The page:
+
Pop Culture

Watch the world's first female virtuoso kora player perform a beautiful West African love song

Sona Jobarteh and her band take listeners on a musical voyage in their version of "Jarabi."

sona jobarteh, jarabi, kora music

If music be the food of love, play on.

“Jarabi," meaning “beloved,” is a popular West African song that was written after the country of Mali gained independence from the French in 1960. Rich in metaphors symbolizing the people’s love for their country and culture, the song was meant to instill a sense of “hope and resolve,” according to World Music in Education.

The essential sound of “Jarabi” comes from the kora, a 12-stringed harp dating back to the 18th century. In Mande tradition—meaning that of the Mande speaking peoples of western Africa, which includes the country of Mali—playing the kora professionally was an exclusive sacred right reserved for males in families of tribal storytellers known as griots.

That’s what makes this recently resurfaced viral video from May 2022 so unique.


In it you’ll find Sona Jobarteh, the first ever female virtuoso player of the kora. Born into a griot family, Jobarteh first began learning the instrument from her brother at 3 years old. Her passion grew as she got older. Eventually she decided to make a career out of it, and history along the way.

“I really wanted to study with my father because he is very much an expert in that style of playing,” she shared in an interview with French radio station RFI. She added that her father was very adamant that she earn recognition for her talent, and talent alone.

"He told me that he will teach me as his child, not as his daughter, not as his son but as his child which is no gender. And also he told me that the one thing he wanted in return for teaching me is that I aim to be just a good kora player not a good female kora player."

Jobarteh has certainly fulfilled her father’s wishes. Her skills have reached wide acclaim, gaining the reputation of a top-level performer for not only playing the kora, but for her melodic voice and strong stage presence as well. She’s performed all over the world, been featured in award-winning films and has released two albums.


Coincidentally, Jobarteh is also the cousin of Toumani Diabeté, a world-renowned kora player and the writer of “Jarabi.” Her beautiful rendition of his song below pays homage to history while breaking barriers all at the same time. It also stands as a powerful reminder that music transcends all limits to connect us with our joy.

Watch and be transported away:

Photo by Stormseeker on Unsplash

Some cries for help can be hard to discern.

“I’m fine.”

How easily these two words slip from our mouths, often when nothing could be further from the truth. Sometimes, it feels safer to hide our true feelings, lest someone make a judgment or have a negative reaction. Other times, it’s a social rule instilled in childhood, perhaps even through punishment. Or maybe denying is the only way to combat overwhelm—if we ignore it all long enough, things will eventually get better anyway.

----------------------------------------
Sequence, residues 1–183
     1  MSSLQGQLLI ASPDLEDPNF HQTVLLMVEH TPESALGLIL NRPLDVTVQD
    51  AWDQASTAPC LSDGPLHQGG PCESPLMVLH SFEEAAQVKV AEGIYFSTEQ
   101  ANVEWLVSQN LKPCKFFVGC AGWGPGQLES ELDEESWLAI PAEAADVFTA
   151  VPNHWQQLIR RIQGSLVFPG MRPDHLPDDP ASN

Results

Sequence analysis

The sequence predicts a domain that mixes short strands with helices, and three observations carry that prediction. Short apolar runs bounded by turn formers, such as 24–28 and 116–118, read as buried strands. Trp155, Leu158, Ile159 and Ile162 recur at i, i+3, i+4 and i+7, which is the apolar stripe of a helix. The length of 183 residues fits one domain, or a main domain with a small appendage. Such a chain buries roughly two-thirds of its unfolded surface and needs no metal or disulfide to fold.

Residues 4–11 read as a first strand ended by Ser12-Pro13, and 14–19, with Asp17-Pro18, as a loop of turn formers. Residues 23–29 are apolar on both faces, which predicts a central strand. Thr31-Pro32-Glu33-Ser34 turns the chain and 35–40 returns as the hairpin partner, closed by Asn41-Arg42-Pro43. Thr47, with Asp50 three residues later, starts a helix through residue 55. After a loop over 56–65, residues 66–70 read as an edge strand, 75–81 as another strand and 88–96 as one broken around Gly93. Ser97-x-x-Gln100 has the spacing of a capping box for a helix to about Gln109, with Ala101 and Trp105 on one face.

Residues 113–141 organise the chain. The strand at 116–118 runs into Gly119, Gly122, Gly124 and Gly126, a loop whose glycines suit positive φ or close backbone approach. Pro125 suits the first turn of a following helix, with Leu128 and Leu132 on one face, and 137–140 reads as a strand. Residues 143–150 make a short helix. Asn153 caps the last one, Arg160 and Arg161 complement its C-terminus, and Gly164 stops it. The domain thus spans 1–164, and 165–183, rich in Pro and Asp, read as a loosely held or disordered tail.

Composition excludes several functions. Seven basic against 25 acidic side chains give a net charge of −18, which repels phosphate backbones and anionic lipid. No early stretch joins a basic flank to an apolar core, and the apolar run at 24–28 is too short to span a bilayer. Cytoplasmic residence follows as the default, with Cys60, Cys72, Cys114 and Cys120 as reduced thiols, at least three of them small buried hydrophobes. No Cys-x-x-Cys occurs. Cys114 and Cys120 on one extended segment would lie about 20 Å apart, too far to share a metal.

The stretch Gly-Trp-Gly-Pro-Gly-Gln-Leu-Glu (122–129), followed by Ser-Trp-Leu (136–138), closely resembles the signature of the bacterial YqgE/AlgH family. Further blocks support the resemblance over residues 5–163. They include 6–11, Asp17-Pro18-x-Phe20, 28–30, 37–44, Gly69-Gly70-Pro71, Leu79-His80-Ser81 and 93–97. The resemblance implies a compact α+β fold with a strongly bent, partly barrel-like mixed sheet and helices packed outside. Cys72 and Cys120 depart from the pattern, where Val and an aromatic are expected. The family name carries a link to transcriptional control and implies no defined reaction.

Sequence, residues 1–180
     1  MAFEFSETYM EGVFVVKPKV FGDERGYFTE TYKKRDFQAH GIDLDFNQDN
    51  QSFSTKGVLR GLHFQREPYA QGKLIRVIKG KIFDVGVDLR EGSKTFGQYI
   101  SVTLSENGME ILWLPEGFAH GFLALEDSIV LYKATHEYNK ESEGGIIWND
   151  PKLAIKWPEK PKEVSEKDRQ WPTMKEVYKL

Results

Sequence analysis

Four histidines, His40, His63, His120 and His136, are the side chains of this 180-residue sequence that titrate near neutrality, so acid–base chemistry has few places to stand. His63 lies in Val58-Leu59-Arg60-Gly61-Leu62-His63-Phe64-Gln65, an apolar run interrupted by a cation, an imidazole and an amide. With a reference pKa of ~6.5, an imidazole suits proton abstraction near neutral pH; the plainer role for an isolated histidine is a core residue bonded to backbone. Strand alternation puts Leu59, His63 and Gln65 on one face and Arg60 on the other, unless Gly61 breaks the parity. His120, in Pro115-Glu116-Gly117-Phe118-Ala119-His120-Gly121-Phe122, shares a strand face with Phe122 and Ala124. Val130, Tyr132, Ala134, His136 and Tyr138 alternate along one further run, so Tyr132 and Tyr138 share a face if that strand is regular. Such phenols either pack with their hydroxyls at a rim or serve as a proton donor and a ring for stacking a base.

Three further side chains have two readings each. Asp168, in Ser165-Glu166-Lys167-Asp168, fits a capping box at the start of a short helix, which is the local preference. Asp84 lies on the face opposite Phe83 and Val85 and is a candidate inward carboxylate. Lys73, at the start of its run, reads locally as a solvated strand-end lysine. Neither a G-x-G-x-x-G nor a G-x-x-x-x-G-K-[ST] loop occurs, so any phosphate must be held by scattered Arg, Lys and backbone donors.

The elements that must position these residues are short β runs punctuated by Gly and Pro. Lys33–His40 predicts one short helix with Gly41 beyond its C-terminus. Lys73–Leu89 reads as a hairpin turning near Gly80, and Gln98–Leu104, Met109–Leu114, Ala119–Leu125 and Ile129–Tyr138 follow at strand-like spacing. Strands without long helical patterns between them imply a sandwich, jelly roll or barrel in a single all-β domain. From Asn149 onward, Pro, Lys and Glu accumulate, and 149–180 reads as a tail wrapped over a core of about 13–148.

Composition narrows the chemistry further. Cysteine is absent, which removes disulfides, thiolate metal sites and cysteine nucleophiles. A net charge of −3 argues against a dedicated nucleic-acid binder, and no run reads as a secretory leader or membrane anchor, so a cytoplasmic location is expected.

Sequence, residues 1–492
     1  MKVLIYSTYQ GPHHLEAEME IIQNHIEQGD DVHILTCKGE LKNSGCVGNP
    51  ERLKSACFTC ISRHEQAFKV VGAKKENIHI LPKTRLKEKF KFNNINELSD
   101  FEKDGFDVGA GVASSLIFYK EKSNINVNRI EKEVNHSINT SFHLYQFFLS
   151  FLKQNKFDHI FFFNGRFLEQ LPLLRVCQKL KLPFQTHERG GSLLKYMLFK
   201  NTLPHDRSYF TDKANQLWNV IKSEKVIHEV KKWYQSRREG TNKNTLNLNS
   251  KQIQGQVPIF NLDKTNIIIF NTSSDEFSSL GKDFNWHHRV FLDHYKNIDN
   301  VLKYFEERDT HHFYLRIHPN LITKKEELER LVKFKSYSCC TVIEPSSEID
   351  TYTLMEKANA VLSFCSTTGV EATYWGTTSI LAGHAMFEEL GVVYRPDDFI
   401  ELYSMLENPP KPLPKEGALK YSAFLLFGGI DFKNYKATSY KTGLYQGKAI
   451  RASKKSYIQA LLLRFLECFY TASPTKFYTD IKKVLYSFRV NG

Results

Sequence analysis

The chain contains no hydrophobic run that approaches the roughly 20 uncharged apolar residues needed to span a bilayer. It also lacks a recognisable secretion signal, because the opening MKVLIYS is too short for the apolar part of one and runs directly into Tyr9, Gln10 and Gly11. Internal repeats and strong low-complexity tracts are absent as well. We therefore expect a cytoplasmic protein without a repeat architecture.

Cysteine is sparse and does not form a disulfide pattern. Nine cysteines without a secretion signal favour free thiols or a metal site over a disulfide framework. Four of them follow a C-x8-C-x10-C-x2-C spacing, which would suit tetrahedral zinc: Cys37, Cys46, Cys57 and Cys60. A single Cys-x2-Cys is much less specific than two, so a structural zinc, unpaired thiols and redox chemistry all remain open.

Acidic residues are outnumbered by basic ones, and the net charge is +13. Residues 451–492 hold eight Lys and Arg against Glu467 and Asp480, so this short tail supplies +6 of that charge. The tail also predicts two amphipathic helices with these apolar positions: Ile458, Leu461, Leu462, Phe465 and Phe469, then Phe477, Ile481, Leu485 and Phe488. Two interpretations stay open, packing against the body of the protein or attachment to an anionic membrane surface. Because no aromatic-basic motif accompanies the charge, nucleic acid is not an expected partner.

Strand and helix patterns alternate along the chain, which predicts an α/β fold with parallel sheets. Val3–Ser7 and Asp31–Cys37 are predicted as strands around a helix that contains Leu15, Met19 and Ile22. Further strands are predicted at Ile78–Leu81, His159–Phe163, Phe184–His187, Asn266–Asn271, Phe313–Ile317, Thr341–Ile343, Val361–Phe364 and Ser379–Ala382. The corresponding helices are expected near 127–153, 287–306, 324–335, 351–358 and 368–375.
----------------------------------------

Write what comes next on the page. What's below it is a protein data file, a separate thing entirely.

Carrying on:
At the end of the day … it’s all about avoiding further pain, isn’t it?

But this denial can lead to even more suffering—not only emotionally, but physically as well. Everything from stiff muscles, to migraines, to digestive issues can stem from suppressing emotions.

Keep ReadingShow less
Joy

10 things that made us smile this week

Upworthy's weekly roundup of joy and delight.

From stellar sportsmanship to corntastic kiddos to adorable animals, enjoy the best of the internet this week.

Wait. Are we really almost halfway through August already? Didn't I just write one of these intros talking about how summer had arrived? What the heck happened???

Time flies when you're having fun, I guess, and these weekly roundups are nothing but fun. Every day it seems like we're bombarded with something new to stress about or be outraged over, but not here. In this space, we celebrate simple joys, awesome humans, hilarious animals and all things smile-worthy.

This week alone, we've seen sportsmanship that inspired us, parenting that touched our hearts and kiddos that tickled our funny bones. Readers have told us they look forward to our 10 things roundup every week, which is good because we have no intention of stopping. (Honestly, it's therapeutic to pull this list together, so win-win all around!)

Keep ReadingShow less
Family

How breastfeeding actually works is seriously awe-inspiring

Let's take a moment to marvel at this miraculous process.

A viral video shows what's happening beneath the surface when a baby breastfeeds.

Let me start by saying I don't care whether you breastfeed or not. Everyone's circumstances are different, no one needs to explain why they did or didn't breastfeed their babies and we'd all be better off with far fewer judgments across the baby-feeding spectrum.

With that disclaimer out of the way, can we at least all agree that breastfeeding is freaking awesome?

I mean, the whole biological process of growing an entire human practically from scratch is mind-blowing all by itself. But the fact that our bodies then create food to feed that human, with a whole system for how and when that food gets made and released, is just so cool.

Keep ReadingShow less